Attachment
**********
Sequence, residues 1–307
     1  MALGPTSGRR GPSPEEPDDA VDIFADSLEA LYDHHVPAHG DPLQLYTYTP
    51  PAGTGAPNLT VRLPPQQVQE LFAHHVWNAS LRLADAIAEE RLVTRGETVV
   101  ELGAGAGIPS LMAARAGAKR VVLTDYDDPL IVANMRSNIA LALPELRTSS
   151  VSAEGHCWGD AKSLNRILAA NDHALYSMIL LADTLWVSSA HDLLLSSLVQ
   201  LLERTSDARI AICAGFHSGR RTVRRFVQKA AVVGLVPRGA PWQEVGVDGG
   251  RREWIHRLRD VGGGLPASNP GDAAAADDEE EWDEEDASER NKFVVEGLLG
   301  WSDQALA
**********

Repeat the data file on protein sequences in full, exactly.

Sequence, residues 1–307
     1  MALGPTSGRR GPSPEEPDDA VDIFADSLEA LYDHHVPAHG DPLQLYTYTP
    51  PAGTGAPNLT VRLPPQQVQE LFAHHVWNAS LRLADAIAEE RLVTRGETVV
   101  ELGAGAGIPS LMAARAGAKR VVLTDYDDPL IVANMRSNIA LALPELRTSS
   151  VSAEGHCWGD AKSLNRILAA NDHALYSMIL LADTLWVSSA HDLLLSSLVQ
   201  LLERTSDARI AICAGFHSGR RTVRRFVQKA AVVGLVPRGA PWQEVGVDGG
   251  RREWIHRLRD VGGGLPASNP GDAAAADDEE EWDEEDASER NKFVVEGLLG
   301  WSDQALA